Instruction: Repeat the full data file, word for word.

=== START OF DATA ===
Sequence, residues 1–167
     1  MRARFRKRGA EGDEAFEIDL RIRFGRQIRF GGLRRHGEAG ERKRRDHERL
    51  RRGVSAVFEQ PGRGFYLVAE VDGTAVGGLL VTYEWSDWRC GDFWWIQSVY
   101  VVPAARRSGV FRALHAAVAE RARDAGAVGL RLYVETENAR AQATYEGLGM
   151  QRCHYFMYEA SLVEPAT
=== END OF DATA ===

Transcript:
Sequence, residues 1–167
     1  MRARFRKRGA EGDEAFEIDL RIRFGRQIRF GGLRRHGEAG ERKRRDHERL
    51  RRGVSAVFEQ PGRGFYLVAE VDGTAVGGLL VTYEWSDWRC GDFWWIQSVY
   101  VVPAARRSGV FRALHAAVAE RARDAGAVGL RLYVETENAR AQATYEGLGM
   151  QRCHYFMYEA SLVEPAT